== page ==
Diversity ‘Wiki-thon’ with Drs Jess Wade & Alice White
11 October 2019
Making the Internet a better place for everyone.
When was the last time you used Wikipedia? Probably fairly recently, if you go by the statistics. In an average month, the crowdsourced digital encyclopaedia is read on 1.6 billion devices.
Wikipedia in stats:
- 72,000 active contributors
- 48 million articles (5.9 million in English)
- 302 languages
In concept, Wikipedia democratises access to information. As long as you have an internet connection, anyone can read for free – and anyone can contribute, regardless of age, culture and background. In practice, however, Wikipedia can replicate the biases of its authors.
We all have an unconscious tendency to gravitate towards people similar to ourselves. The majority of English-language Wikipedia contributors are white North American men and this is reflected in the content they deem important – as of October 2019, only 18% of biographies on Wikipedia were about women. Articles about people of colour are also woefully insufficient.
Why exactly does this matter?
You don't need to look far on the internet to see many people believe white men are just more interested in Wikipedia/better writers/more noteworthy/biologically superior/[insert other nonsense here].
Wikipedia mirrors society and women encounter the same gender biases online as they do offline. According to Sue Gardner, Wikimedia Foundation’s former executive director, many women are put off editing by what can be a ‘fighty’, competitive and misogynistic atmosphere. And so, the cycle of underrepresentation persists.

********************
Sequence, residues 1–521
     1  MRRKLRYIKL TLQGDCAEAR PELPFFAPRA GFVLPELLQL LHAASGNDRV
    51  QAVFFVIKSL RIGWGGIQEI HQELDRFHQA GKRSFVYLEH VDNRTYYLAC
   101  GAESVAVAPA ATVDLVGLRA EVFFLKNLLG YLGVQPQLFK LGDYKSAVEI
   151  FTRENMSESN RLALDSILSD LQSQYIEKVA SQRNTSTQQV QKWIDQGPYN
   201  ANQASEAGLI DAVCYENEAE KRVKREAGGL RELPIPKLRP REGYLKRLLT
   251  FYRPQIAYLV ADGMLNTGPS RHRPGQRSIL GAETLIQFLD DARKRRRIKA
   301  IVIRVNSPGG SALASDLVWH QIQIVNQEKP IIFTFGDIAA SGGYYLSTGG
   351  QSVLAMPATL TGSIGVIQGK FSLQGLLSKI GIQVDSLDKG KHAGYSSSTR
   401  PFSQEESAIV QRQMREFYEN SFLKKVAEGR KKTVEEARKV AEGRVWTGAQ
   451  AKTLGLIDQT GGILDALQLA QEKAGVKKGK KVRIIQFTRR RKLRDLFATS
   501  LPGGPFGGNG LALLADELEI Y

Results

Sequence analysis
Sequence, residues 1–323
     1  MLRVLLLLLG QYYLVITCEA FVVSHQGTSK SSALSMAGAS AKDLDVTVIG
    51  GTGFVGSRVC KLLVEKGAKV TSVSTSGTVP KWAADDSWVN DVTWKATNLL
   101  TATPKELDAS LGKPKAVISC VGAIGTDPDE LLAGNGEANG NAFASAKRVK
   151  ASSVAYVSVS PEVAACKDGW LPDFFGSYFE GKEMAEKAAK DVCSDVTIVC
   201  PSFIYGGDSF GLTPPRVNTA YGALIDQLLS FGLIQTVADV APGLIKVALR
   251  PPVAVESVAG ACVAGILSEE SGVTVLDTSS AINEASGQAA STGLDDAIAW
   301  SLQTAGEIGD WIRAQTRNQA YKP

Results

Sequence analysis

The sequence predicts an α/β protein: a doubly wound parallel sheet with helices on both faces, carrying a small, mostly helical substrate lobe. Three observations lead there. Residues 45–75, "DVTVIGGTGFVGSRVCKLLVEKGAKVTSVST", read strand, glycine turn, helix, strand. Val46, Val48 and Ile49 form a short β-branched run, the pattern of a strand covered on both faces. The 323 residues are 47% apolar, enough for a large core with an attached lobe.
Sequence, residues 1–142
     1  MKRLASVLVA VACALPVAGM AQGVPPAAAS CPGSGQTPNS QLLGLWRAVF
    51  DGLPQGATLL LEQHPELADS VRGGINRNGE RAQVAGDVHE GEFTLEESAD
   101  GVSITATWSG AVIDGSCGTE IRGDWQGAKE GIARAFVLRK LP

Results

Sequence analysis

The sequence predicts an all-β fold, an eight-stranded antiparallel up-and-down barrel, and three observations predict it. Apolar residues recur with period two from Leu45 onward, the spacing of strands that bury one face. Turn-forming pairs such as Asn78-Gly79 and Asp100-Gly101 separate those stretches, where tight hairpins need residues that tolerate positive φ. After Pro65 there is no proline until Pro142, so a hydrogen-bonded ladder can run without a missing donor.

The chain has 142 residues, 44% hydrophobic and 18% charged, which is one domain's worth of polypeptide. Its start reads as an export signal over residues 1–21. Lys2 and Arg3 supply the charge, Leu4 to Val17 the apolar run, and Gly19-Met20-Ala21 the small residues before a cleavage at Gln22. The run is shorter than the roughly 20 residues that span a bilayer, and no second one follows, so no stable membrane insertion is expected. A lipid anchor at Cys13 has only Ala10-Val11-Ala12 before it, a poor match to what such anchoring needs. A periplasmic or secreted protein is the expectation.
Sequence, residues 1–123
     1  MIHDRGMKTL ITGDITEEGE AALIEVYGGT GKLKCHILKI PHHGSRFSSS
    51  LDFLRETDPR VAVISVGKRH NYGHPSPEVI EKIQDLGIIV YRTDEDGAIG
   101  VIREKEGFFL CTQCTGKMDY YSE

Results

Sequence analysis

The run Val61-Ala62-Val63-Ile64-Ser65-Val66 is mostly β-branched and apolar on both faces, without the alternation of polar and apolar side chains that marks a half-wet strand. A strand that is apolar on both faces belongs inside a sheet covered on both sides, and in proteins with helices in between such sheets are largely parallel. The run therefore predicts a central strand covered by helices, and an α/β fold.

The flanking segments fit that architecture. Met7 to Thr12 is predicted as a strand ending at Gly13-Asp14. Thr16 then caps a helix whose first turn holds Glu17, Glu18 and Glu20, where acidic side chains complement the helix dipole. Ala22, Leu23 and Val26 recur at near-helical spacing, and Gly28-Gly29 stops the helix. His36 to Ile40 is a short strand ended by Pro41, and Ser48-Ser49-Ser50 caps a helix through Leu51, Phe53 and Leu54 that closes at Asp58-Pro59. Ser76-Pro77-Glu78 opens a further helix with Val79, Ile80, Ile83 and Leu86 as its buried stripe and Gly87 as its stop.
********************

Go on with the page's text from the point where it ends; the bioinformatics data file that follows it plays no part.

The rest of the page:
In a world where an internet search for ‘scientists’ returns results like this, it’s not surprising that many little girls and children of colour think science is not for them.
Luckily, people are working to change this…
Let the wiki-thon begin!
One week ago today, we were initiated into the world of Wikipedia editing by Wiki-experts, Dr Jess Wade and Dr Alice White.
Alice is an expert Wikipedian and Digital Editor at the Wellcome Collection. She regularly hosts wiki-thons across the country where she encourages participants to learn better referencing, content-creation and reliability of sources.
Jess is a physicist at Imperial College. After being disappointed by the number of female scientists on Wikipedia, Jess set out on a mission to change this. She has now created over 700 new articles, focussing on closing the encyclopaedia’s gender and race gap.
A Wikipedia edit-a-thon or wiki-thon is a gathering of editors who work to improve a particular topic or type of content. Our beginner-friendly ‘Diversity Wiki-thon’ was aimed at creating and improving pages from deserving scientists and engineers who are women or from other underrepresented groups.
We kicked off with a fascinating presentation from Jess about why diversity on Wikipedia is so important. Wikipedia is most people’s first point of call when researching a topic – a lack of representation on Wikipedia allows societal stereotypes to persist.
Jess presenting about how gender bias affects us online and offline
Alice taught us how edit and create our own Wikipedia articles - covering everything from article tags to good Wikipedia etiquette. Then, armed with just our laptops and a WiFi connection, we were off on our editing spree.
Alice White helping a group of new Wikipedia editors
Over just three hours, we made enormous progress. Our 25 editors created 9 new articles and improved 28 existing pages. We also added 173 references, which help improve the reliability of Wikipedia.
Our statistics as of 9 October
Most of us were Wikipedia newbies and we were surprised by how addictive we found the process! It was very satisfying to see the output of our efforts and know we contributed to making Wikipedia a better place.
Check out our event dashboard where you can see up-to-date statistics about wiki-thon articles and edits.